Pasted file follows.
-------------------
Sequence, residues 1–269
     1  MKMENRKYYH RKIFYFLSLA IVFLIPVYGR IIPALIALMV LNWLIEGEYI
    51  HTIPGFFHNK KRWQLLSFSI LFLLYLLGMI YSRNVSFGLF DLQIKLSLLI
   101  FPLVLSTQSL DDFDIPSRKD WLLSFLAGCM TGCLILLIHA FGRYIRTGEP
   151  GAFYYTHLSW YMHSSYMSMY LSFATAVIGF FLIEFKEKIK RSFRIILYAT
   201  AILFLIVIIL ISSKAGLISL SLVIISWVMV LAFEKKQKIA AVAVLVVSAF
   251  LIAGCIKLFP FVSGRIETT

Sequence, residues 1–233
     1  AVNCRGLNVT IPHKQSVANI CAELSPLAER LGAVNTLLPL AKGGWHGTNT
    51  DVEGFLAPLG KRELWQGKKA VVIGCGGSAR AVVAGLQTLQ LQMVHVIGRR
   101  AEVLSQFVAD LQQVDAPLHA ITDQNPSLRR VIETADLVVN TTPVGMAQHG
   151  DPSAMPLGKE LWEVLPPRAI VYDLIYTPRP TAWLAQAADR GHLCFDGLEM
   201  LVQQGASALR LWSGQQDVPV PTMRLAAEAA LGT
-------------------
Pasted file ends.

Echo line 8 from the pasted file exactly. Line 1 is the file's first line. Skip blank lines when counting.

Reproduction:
Sequence, residues 1–233